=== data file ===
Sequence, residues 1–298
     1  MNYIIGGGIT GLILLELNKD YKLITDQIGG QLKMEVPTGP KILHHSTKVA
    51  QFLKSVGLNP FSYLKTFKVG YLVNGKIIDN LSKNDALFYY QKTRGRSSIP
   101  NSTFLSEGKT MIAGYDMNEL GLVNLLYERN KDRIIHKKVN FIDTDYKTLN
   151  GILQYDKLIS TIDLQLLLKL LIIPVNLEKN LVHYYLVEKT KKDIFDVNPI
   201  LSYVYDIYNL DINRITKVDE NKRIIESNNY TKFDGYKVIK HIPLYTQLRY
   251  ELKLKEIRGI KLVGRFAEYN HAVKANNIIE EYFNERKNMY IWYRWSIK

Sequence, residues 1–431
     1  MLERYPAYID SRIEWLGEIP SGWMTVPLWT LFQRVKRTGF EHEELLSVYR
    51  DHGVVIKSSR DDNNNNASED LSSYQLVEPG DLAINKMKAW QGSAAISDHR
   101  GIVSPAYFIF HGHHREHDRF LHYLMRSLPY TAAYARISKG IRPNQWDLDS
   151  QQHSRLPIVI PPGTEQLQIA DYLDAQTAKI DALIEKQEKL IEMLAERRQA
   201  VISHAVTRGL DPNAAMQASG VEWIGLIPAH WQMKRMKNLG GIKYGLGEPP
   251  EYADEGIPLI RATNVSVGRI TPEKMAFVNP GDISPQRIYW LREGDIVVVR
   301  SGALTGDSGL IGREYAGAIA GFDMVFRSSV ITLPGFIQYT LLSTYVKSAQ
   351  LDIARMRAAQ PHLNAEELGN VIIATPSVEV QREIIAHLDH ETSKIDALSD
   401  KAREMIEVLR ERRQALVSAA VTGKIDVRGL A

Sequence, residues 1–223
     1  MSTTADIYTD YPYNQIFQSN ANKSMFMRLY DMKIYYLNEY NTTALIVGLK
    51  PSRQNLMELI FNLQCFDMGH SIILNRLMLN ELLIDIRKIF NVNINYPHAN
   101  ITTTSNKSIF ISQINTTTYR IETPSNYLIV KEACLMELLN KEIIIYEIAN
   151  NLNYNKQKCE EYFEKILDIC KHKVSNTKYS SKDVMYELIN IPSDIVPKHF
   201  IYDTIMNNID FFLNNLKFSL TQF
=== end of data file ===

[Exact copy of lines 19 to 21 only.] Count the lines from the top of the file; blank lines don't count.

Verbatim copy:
     1  MSTTADIYTD YPYNQIFQSN ANKSMFMRLY DMKIYYLNEY NTTALIVGLK
    51  PSRQNLMELI FNLQCFDMGH SIILNRLMLN ELLIDIRKIF NVNINYPHAN
   101  ITTTSNKSIF ISQINTTTYR IETPSNYLIV KEACLMELLN KEIIIYEIAN